If I asked you to name the things that make you feel happy, what would spring to mind first?
Perhaps you might jump straight to that holiday you’re looking forward to, a career milestone you hope to achieve within the next year, or finally reaching a target fitness level. But I bet if you really stop and think, it’s actually the little things that make the biggest contribution to how regularly we feel happy.
Butterkist recently conducted some research to investigate the general happiness of the nation, so I popped to London to hear about the results, and learn just what the secret of being happy is. It’s less complicated than you might think!
The Butterkist Happy Place Project
The Butterkist research polled 1,500 adults in the UK, and revealed that the average Brit feels true happiness 432 times a year, with 60% of those surveyed claiming to be happy with their lives.
According to the survey, the average adult feels genuine happiness up to eight times in a typical week, with Brits rating themselves a seven out of ten on the overall happiness scale. Not bad!
The research went on to identify the top ‘happy places’ for Brits, and this is where things get really interesting. Yes, being on holiday is in there, but overwhelmingly the list is compiled of smaller, more everyday experiences. Respondents named things like cuddling your partner, cosying up on the sofa for a family TV session with popcorn, enjoying a barbecue in the garden on a sunny day, sitting down to mum’s roast dinner, and enjoying the great outdoors as their ultimate happy triggers.
I found it so refreshingly positive to hear confirmation that when it comes down to it, the things that make people truly happy are simple, and it’s all about appreciating the little moments. And those little moments are rarely about material ‘stuff’ – many of the happy experiences that scored highly cost absolutely nothing.
The event highlighted that our happiness peaks when we are spending quality time with those we love, and today’s digitally-dominated world plays a part in our happiness, or lack of it. We’re all aware of technology causing us to spend less real time in each other’s company, and this reduced contact can have a knock-on effect on the ‘happy hormones’ that are released when we’re relaxing with those we love. Less interaction equals less feel-good emotions, and that in turn can really impact on our general wellbeing.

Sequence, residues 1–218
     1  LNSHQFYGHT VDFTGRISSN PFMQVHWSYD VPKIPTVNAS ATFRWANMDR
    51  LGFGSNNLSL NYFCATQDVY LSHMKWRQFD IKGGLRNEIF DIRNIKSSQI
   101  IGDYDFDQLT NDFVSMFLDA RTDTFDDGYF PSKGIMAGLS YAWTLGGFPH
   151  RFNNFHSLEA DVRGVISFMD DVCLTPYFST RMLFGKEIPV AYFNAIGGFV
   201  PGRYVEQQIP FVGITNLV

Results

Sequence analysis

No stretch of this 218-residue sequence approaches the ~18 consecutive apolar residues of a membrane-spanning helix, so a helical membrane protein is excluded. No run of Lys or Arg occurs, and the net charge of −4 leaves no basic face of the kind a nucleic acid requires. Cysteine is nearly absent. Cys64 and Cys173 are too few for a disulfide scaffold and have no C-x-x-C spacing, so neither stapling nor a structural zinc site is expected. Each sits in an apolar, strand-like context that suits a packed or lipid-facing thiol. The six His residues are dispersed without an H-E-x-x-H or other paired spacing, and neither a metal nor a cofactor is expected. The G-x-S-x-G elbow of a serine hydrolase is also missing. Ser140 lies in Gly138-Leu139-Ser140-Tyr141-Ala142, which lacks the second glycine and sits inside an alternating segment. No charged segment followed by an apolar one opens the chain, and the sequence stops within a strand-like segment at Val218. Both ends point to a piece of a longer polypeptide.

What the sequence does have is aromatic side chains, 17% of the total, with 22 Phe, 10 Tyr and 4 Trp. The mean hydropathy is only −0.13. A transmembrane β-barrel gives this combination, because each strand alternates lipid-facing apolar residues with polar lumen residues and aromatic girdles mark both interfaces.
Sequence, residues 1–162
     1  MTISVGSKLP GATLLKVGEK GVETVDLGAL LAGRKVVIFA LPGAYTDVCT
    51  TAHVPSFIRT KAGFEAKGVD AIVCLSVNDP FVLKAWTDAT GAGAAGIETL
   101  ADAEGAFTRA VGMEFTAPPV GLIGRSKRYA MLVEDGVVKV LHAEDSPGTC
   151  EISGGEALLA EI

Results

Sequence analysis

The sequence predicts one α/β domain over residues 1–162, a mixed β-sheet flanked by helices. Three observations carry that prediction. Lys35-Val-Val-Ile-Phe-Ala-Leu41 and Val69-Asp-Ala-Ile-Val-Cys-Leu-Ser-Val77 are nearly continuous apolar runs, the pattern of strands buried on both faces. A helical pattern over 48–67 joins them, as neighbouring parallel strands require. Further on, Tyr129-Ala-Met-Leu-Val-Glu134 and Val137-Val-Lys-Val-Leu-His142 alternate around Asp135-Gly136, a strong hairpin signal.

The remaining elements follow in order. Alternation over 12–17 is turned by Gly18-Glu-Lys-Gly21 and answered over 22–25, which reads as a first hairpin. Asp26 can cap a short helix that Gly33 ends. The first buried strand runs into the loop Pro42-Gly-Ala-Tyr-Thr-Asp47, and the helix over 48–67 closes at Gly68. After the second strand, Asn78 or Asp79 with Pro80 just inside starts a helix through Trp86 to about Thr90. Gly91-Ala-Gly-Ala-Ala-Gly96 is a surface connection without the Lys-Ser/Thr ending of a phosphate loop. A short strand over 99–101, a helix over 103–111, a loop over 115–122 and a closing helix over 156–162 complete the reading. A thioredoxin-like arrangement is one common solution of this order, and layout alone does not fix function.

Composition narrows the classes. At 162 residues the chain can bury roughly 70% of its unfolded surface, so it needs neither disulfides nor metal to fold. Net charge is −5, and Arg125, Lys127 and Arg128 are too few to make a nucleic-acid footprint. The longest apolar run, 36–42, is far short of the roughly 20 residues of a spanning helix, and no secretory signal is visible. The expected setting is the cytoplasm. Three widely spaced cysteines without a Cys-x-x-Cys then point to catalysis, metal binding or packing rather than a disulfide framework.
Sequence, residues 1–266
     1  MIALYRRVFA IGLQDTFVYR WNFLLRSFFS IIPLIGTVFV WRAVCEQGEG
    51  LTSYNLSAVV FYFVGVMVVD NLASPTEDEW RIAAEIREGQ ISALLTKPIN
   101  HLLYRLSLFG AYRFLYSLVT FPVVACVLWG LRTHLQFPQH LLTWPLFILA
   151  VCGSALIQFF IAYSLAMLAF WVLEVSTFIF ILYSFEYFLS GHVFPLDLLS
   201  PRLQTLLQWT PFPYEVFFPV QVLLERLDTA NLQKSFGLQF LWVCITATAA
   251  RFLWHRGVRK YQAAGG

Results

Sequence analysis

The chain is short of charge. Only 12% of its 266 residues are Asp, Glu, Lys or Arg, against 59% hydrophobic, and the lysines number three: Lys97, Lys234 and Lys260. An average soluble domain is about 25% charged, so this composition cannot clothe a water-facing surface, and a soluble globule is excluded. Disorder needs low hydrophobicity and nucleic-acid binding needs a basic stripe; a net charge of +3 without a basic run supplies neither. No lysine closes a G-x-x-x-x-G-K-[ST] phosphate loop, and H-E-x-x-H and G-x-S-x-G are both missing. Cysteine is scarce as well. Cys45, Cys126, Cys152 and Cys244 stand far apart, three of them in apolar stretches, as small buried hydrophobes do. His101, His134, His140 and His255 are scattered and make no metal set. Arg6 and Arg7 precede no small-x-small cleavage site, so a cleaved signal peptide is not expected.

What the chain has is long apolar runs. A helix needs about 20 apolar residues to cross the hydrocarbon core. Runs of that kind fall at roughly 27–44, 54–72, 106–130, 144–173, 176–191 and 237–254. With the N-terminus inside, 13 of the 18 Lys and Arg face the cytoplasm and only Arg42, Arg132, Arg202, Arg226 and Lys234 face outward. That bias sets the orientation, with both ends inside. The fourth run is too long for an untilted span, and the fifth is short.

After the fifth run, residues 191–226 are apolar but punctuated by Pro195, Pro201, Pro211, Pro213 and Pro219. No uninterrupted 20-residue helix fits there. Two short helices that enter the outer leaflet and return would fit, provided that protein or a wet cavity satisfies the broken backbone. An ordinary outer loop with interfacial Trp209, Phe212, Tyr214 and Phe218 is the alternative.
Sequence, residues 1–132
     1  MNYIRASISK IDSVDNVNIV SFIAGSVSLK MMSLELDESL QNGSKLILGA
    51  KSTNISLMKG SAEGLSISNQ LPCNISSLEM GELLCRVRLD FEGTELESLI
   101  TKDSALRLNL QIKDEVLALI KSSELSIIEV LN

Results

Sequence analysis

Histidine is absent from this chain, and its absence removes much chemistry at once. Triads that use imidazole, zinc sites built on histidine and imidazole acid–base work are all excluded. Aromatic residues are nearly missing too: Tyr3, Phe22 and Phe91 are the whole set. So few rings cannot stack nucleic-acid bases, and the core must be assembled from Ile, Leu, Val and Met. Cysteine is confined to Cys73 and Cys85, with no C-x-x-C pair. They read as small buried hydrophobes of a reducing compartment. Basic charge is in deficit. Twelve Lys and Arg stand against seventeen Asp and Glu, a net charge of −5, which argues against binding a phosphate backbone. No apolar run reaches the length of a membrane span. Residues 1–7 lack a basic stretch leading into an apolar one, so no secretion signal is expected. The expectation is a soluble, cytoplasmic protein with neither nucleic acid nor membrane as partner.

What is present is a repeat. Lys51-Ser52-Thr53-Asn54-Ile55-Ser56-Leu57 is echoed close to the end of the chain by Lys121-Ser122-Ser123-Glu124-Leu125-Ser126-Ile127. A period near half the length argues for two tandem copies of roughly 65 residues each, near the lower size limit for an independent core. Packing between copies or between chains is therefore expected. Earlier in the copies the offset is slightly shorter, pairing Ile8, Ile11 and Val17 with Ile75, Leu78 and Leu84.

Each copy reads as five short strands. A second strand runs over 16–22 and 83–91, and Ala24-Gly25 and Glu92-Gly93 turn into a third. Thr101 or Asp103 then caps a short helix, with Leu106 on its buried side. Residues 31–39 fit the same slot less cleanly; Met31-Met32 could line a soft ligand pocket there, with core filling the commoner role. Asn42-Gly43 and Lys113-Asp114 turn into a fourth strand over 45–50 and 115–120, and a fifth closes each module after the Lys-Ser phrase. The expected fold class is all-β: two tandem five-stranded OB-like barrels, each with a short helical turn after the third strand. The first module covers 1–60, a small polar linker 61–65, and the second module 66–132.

And yet, we’re all a bit guilty of not making the most of our time together. The hectic pace of life gives us the perfect excuse to focus on ticking jobs off lists and planning ahead, instead of just living in the moment. While the big events and milestones certainly do give us pleasure, they also cause us to spend most of our time looking forward to a future happy event, rather than focusing on how we feel in the present.
So, instead of chasing that future happiness, we should be appreciating the little happy moments that we experience all the time. It’s not really about finding more time to enjoy ourselves; it’s more a case of noticing precisely what we are enjoying, when it’s actually happening. Makes sense, doesn’t it?
Listening to all this evidence and expertise, I was struck by the fact that the solution is so simple. Spending time with the people we care about makes us happy, which in itself isn’t hard to achieve for most of us.
Happiness in our home
I came away from my evening with Butterkist heartened, energised, and ready to notice the now that little bit more.
Making a conscious effort to enjoy those happy places ties in well with the mindfulness I’ve been practicing for the last year or so. When I’m living in the moment, I rate myself as a very happy person, and I feel more connected, more upbeat, and consequently more able to tackle my workload and commitments.
And that in turn affects the mood in the house in a positive way too. I think this subtle shift in perspective, and the reminder that the Butterkist Happy Place Project offered, has kick-started an upward spiral in our home. By taking time to enjoy a simple, happy experience, we’re automatically creating the opportunity for more happy times. And that can only be a good thing!
What’s your favourite ‘happy place’?
This is a commissioned post for Butterkist.